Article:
“[T]he CPP claims that those who have suffered damages were compensated,” de Guia said.

‘The proper venue’

De Lima however said the CHR is not the venue for the filing of such complaints against the NPA as an agreement has been signed between the GRP and the NDFP for exactly such a mechanism.

The GRP and the NDFP signed the Comprehensive Agreement on Respect for Human Rights and International Humanitarian Law (CARHRIHL) on March 16, 1998 in The Hague, The Netherlands establishing a Joint Monitoring Committee (JMC) to receive and investigate reports of human rights and IHL violations by either party.

De Lima reminded the AFP that if it wants to file complaints against the CPP and NPA, the most appropriate thing it can do is to ask GRP President Rodrigo Duterte as GRP principal to file through his representative complaints against the underground groups to the NDFP Section of the JMC.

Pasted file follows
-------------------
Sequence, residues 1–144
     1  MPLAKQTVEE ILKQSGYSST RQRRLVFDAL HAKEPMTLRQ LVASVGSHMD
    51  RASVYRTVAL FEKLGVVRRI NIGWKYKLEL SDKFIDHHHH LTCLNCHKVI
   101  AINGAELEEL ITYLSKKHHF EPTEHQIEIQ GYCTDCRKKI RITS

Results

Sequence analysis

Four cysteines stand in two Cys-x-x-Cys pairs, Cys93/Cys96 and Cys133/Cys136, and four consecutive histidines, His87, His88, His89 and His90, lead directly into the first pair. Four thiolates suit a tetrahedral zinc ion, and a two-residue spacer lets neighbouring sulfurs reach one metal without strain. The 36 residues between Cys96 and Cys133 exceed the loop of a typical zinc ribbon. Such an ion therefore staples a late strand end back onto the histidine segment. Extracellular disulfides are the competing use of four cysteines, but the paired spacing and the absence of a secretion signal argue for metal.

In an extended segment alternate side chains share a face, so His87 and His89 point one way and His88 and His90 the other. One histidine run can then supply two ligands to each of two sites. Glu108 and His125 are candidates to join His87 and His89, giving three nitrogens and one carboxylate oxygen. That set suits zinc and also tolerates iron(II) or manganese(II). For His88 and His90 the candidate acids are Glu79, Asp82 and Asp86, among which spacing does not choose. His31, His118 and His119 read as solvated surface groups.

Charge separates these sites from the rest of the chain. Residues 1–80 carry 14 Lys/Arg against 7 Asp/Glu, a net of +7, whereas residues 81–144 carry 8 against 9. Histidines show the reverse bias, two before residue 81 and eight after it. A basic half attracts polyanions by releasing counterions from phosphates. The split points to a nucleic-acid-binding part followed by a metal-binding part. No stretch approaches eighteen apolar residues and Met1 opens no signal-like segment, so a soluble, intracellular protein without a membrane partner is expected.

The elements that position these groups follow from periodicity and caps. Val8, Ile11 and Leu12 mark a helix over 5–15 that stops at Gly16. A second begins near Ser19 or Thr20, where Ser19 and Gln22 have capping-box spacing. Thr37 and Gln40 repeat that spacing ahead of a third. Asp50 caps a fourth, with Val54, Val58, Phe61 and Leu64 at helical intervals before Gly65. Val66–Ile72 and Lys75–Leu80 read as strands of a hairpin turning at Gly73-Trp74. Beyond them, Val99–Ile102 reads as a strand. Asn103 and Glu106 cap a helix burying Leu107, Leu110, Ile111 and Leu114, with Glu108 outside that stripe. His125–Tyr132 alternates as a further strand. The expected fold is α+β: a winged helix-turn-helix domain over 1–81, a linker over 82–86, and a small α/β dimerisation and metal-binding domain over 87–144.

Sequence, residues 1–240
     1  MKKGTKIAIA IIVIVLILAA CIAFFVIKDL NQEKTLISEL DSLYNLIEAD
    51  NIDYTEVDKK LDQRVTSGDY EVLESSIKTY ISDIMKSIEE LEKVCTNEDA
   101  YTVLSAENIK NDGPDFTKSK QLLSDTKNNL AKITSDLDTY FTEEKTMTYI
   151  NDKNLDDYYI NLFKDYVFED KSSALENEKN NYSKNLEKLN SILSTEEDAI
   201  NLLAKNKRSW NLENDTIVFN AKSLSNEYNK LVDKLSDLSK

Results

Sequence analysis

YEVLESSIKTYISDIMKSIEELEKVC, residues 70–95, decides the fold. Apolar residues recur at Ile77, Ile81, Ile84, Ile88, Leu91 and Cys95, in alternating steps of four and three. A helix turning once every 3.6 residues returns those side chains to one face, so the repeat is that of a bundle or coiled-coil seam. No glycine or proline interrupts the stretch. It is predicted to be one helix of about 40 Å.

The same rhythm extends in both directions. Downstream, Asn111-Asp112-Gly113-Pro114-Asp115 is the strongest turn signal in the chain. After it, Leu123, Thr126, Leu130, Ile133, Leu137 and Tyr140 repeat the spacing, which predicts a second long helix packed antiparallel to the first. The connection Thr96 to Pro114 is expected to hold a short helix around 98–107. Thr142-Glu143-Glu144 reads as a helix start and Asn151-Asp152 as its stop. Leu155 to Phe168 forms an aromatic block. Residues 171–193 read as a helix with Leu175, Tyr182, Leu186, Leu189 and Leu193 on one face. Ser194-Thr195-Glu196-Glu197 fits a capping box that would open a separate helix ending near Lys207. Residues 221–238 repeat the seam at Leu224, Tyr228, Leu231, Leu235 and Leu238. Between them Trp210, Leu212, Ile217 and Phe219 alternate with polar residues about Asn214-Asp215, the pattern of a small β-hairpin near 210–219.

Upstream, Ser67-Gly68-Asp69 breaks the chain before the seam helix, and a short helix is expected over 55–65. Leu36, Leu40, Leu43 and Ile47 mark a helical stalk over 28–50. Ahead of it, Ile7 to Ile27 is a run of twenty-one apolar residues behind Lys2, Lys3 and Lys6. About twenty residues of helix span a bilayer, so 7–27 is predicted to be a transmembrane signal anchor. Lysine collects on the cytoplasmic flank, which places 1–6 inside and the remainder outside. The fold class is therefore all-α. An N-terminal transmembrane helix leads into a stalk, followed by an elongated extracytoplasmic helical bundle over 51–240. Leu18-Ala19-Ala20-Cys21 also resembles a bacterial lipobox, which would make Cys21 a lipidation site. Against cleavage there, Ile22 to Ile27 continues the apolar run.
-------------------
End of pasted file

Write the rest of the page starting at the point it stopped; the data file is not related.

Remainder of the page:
“Unlike the GRP under the Duterte regime which engages in fascist crimes of state terrorism, the NDFP strictly adheres directly to the international law on human rights and humanitarian conduct in war as well as through the provisions of CARHRIHL,” de Lima said. # (Raymund B. Villanueva)

6 farmers arrested in Bulacan

Six of the 14 Norzagaray, Bulacan farmers charged with theft for harvesting their own crops have been arrested by the police Monday night, the Kilusang Magbubukid ng Pilipinas (KMP) said.

In an alert, the farmers’ group said Salvacion Abonilla, John Jason Abonilla, Jenny Capa, Marilyn Olpos, Catherine Magdato, and Eden Gualberto were taken to the police station in Norzagaray at past seven o’clock in the evening last January 18.

All are members of the Samahang Magsasaka ng San Mateo (SAMA-SAMA) and are residents of Sitio Compra, Barangay San Mateo.